If a major company needs capital or a private firm wants to sell, Warren Buffett’s checkbook is often the one they seek out.
Will that stay the case when it’s someone else’s signature?
That was the question from several Berkshire Hathaway Inc. shareholders at the firm’s annual meeting Saturday, adding a fresh angle to the topic of succession for the 87-year-old chairman. Berkshire’s desire to utilize a cash pile that has grown to more than $100 billion makes finding large-scale deals a key issue for whoever will be the conglomerate’s next leader.
Buffett downplayed any unique skill he has to drum up deals, using his inability to find recent ones as evidence. Berkshire often makes large investments in times of panic, when its stable capital, and not the Buffett name, is the allure, he argued.
“The reputation belongs to Berkshire now,” Buffett said at the meeting in Omaha, Nebraska. “We are the first call and will continue to be the first call.”
Charlie Munger, Buffett’s 94-year-old vice chairman, said already most acquisitions are coming from the chiefs of the company’s operating subsidiaries, not he and Buffett.
“It’s happening more there than it is at headquarters,” he said.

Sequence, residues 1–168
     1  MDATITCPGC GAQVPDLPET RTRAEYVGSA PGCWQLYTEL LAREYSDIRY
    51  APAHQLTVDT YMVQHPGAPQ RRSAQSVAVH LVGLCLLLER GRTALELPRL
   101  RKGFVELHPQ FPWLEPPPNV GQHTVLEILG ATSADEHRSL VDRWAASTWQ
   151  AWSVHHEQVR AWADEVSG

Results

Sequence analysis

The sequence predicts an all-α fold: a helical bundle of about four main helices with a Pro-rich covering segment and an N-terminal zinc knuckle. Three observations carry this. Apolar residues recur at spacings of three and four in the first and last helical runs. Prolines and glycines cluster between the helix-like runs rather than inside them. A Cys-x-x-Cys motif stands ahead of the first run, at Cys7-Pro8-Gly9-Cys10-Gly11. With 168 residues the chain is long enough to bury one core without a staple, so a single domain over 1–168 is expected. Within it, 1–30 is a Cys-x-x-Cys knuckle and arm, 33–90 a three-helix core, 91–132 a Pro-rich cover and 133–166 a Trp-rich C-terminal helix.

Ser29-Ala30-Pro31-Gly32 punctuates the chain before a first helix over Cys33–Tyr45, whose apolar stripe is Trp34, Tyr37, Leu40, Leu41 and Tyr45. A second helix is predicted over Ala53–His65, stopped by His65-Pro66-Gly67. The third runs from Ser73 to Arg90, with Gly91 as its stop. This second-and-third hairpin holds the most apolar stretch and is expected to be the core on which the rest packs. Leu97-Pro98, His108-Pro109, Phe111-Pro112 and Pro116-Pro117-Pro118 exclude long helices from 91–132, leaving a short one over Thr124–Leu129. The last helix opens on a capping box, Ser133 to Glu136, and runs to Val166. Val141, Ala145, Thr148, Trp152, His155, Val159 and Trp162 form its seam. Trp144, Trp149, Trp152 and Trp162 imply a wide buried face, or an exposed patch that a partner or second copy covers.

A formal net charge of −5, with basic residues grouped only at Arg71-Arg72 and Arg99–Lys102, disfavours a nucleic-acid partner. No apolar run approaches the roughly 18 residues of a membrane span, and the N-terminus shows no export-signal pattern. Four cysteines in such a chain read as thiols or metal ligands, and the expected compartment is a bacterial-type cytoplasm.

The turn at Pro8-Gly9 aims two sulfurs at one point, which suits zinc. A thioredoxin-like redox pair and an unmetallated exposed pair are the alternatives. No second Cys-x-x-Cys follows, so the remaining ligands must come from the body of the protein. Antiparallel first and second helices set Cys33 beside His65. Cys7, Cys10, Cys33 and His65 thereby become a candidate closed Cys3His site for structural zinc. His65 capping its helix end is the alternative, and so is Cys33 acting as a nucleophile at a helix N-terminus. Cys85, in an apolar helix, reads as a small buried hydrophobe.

Although Buffett named two vice chairs this year in a step toward succession, he didn’t directly address the race for his heir at the meeting.
Overall, the meeting had a similar feel to recent years. Buffett and Munger traded one-liners and fielded a few tough questions. But, by and large, the two managed to charm their fans again and keep most of them in their seats for the entire six-hour session. Here were some other topics of interest.
Investors got some detail on the performance of the two men Buffett has handed some of his stock-picking duties. The billionaire said the deputies have both “slightly” beat the S&P 500 Index since they started managing Berkshire’s money.
Todd Combs and Ted Weschler, who together oversee about $25 billion, have almost identical performance since they joined, Buffett said. Combs was hired by Berkshire in late 2010, and Weschler joined about a year later.
While Buffett said their performance roughly amounts to matching the S&P 500, they’ve received some incentive pay that they only get if they outperform that benchmark.
“It’s been better than I’ve done, so naturally I can’t criticize,” he said.
Buffett tried to temper high hopes for the healthcare venture he’s pursuing with Amazon.com Inc. and JPMorgan Chase & Co. While he said they should name a chief executive officer in the next couple months and other companies have expressed interest in joining, Buffett acknowledged the many obstacles it faces.